Williams' injury is scariest among many in Colts' loss to Denver

INDIANAPOLIS -- The Indianapolis Colts have been getting beaten up all season.On Thursday, they got banged up, too.

The Colts wanted to show a national television audience they were better than their numbers. Instead, Indy went home from its latest loss with a long injury list and a head coachwho was relieved about one thing.

"Brandon (Williams), pretty scary moment, obviously," Chuck Pagano said after Thursday's 23-15 loss to Denver. "He's back in the training room right now. He's got a concussion. We erred on the side of caution, and rightfully so, taking care of him, to get him taken care of on the field and get him to the hospital."

It might have been the best news Indy (3-11) got all night.

When Williams went down and stayed down 59 seconds into the second quarter, Lucas Oil Stadium went silent. Players dropped to their knees as trainers and doctors cautiously strapped the Colts' No. 2 tight end to a backboard and carefully removed his facemask.

After he was lifted onto a cart, Williams' teammates walked over, offered him support and then watched him carted off.

Shortly after the injury, team officials announced that Williams could move his extremities and that he had suffered a head injury -- not a neck injury.

The image of Williams motionless after what appeared to be a helmet-to-helmet collision with Broncos linebacker Deiontrez Mount was scary.

Williams will now enter the concussion protocol and it's unclear when, or if, he might play again this season.

"Upset. Worried about him. Worried about his family that's watching on TV," tight end Jack Doyle said when asked about his initial reaction. "You think about all those things because Brandon is such a great person, great teammate and great friend. It's just hard to see."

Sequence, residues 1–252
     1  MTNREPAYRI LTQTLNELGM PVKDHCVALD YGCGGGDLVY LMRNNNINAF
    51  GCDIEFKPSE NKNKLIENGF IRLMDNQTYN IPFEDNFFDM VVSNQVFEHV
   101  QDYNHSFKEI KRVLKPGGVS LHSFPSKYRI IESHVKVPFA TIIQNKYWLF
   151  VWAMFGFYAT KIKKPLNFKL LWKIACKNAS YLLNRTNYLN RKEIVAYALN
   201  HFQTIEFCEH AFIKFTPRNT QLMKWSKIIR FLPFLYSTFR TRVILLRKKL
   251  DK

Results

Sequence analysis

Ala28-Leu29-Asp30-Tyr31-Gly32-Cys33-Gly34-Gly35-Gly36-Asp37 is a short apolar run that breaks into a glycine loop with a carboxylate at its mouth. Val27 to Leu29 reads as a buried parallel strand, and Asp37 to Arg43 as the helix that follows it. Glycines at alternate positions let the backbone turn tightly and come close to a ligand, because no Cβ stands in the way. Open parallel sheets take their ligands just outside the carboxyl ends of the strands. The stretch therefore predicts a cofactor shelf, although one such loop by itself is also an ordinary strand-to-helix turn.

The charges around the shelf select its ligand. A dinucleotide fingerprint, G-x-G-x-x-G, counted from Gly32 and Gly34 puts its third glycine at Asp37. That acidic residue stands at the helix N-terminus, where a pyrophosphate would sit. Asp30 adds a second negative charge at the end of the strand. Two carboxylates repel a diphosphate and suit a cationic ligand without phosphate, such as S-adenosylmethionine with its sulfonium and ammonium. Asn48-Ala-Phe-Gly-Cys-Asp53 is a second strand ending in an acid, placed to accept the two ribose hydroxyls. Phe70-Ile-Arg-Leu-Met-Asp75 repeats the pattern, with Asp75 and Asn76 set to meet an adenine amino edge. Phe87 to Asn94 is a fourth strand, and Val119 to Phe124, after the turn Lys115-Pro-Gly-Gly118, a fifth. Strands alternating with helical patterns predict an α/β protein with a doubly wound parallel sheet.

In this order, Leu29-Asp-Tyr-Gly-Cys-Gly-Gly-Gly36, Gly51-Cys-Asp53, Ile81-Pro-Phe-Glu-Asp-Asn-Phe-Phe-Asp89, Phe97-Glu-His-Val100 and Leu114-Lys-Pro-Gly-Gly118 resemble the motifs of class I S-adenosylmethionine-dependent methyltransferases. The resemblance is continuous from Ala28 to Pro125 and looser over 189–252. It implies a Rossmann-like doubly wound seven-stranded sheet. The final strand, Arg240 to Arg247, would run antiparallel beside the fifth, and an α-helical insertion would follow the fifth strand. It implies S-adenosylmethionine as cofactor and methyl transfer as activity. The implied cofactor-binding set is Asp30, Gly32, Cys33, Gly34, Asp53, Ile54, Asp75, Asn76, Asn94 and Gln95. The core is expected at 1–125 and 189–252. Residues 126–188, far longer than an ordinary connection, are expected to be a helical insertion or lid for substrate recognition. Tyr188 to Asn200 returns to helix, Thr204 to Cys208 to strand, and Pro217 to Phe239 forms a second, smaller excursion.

The Williams injury is just the latest chapter in what has been a tough season.

A loss at Jacksonville on Dec. 3 assured Indy of its first losing season since 2011. Sunday's loss at Buffalo made sure the Colts' playoff drought would hit three years. And now, after extending their longest losing streak under Pagano to five, the Colts are assured of posting their first losing record at home in six years.

On Thursday, they scored the first 10 points and managed only one field goal over the final 36 minutes.

And now an injury list that already included quarterback Andrew Luck and Indy's last two first-round draft picks, center Ryan Kelly and safety Malik Hooker, has expanded again.

Linebackers Jon Bostic (knee) and Jeremiah George (burner) went down in the second half on almost back-to-back plays and right tackle Denzelle Good also left with a knee injury.

Even the seemingly indestructible 34-year-old Frank Gore, whose 106 consecutive starts are the most of any active NFL running back, left in the first half with a knee injury. He returned in the second half and managed to churn out just enough yards to become the second player in league history to record 1,000 yards from scrimmage in 12 consecutive years.

Only Emmitt Smith (13) has more.

But it was the Williams injury that turned a disappointed locker room into a somber one.

"It's a scary thing for all of us, and I'm sure it's scary for his family as well," kicker Adam Vinatieri said. "You hate to see anybody go off like that, teammate or the other team, obviously. I'm hoping that's it's more of a precautionary thing and I'm hoping that he's going to be OK."


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